Karen Bass, the meaningful new mayor of Los Angeles, solution to the homelessness problem has been much like what politicians typically do. They get caught up in what they think is a great idea without thinking it through rationally and logically.
As you know, I love the concepts of rational and logical thinking. Something that has totally disappeared from the political scene. I'm not talking about the bizarre stuff coming out of some politicians' mouths these days, but rather something I noticed in local politics.
Mayor Bass did not recognize the potential adverse consequences (even though they were obvious) of the solution she came up with – having the city house them in hotels. Instead of the Los Angeles homeless population decreasing, it is increasing because of the influx of people from adjacent cities and around the country seeking taxpayer-provided shelter. "If Houston isn't going to do it, then I'm going to L.A."
I admit I don't know the solution to the homeless problem. A couple of years ago, I thought it would go down naturally when we achieved such a low unemployment rate. I was wrong about that. I also believe a significant mental health problem exists that needs to be addressed. One report I just read indicates that one in eight patients who arrive at an emergency room is there for a behavioral crisis such as psychosis, suicidality, mania, aggression, or substance use.
For some, just going to the grocery store or rent increased can cause homelessness. According to an NBC News analysis, a standard basket of groceries (like eggs, coffee, and milk) costs nearly 40% more than in January 2020.
Then there is the fact that rent is increasing faster than the incomes of the lower and middle classes. Part of the reason for the rental increase is that many upper and middle-upper-income individuals have decided to live alone. Nearly 30 percent of American households comprise a single person, a record high. The U.S. Census indicates that "solitaries" comprised 8 percent of all households in 1940. The share of solo households doubled to 18 percent in 1970 and more than tripled, to 29 percent, by 2022.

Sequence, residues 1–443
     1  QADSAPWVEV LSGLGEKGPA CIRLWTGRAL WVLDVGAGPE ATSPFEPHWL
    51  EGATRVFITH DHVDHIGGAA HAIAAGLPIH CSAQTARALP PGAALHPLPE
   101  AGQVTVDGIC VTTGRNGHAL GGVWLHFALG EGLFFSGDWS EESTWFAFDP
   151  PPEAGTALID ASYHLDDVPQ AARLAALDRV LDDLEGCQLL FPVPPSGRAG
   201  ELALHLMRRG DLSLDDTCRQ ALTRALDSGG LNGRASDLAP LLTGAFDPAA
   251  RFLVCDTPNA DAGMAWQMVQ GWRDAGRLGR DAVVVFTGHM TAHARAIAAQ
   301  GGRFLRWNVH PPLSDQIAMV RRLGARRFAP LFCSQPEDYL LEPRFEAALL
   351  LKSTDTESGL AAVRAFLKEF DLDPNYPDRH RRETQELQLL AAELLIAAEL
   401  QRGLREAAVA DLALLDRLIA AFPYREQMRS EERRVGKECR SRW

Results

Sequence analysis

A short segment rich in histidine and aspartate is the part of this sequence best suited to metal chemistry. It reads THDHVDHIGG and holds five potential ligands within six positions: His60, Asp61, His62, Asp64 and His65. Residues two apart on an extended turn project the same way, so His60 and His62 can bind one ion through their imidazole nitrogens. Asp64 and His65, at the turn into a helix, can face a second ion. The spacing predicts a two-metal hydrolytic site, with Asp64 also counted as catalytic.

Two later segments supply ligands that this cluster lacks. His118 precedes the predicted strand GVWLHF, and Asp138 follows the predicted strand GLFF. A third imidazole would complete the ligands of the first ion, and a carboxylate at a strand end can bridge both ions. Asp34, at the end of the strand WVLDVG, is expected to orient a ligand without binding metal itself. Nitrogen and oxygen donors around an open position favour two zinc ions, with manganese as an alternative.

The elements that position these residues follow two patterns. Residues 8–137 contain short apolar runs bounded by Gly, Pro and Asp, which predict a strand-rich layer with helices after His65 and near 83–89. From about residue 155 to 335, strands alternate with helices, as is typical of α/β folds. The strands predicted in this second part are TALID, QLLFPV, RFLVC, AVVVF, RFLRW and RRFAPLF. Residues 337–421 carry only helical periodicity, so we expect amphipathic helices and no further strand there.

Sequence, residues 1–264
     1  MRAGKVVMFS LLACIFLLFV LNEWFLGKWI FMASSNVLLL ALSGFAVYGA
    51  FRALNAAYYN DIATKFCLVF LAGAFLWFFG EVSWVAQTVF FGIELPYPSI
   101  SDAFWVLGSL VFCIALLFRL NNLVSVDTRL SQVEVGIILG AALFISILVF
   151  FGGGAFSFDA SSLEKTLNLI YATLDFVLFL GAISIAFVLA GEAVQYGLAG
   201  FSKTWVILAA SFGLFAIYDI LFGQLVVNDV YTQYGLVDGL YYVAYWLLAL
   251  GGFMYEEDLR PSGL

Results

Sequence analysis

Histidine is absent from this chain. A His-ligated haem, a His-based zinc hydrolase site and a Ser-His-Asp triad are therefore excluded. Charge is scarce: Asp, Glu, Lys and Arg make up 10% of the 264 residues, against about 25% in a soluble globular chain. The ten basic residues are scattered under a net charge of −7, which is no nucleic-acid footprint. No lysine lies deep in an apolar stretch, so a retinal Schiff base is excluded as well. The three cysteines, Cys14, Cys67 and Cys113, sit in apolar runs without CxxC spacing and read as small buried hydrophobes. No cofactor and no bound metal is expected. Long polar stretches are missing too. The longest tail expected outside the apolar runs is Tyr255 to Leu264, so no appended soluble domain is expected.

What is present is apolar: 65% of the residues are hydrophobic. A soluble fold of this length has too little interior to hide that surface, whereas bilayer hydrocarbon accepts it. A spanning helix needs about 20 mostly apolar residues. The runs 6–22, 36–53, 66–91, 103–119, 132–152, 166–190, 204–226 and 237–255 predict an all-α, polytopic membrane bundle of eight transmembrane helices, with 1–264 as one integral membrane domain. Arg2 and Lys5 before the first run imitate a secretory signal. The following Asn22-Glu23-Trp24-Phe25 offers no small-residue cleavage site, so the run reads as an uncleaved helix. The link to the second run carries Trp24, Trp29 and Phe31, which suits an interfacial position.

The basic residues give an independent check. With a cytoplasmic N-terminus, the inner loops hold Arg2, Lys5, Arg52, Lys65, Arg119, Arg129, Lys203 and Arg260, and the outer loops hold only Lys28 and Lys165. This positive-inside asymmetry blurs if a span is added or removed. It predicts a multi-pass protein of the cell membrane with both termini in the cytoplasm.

Scholars say living alone is not a trend so much as a transformation: Across much of the world, more people live alone than at any other time in recorded history.
Thank you, digital world. Can you imagine how A.I. will affect this?
INSURANCE – GOING, GOING, GONE
For my old insurance and risk management buddies, I'm expanding the comments in my last post about a major insurance industry change. My gut is telling me more than ever that the concept of traditional homeowners' property insurance is no longer viable. Climate change and our expanding population have created massive exposure zones that can create potential losses (multiple exposure units) that fall outside the insurance concept. With the world's expanding human population requiring closer living space (i.e., An accessory dwelling unit (ADU) is a legal and regulatory term for a secondary house or apartment that shares the building lot of a larger, primary home. Plus, the changing building codes and zoning allow more habitational units. The concept of distance between adjacent exposures has diminished.
U.S. property/casualty insurers are responding to higher inflation and natural catastrophe losses with rate increases when possible and exits when not, SWISS RE LTD. said Wednesday in a report.
SWISS RE INSTITUTE indicates that halts to new business and non-renewals in certain lines were among the steps taken by insurers as they retrenched from catastrophe-prone markets such as California, Florida, and Louisiana, in the first half of this year, Swiss Re said. They went on to indicate that underwriting actions have extended to commercial property and personal auto lines while the focus is on homeowners insurance.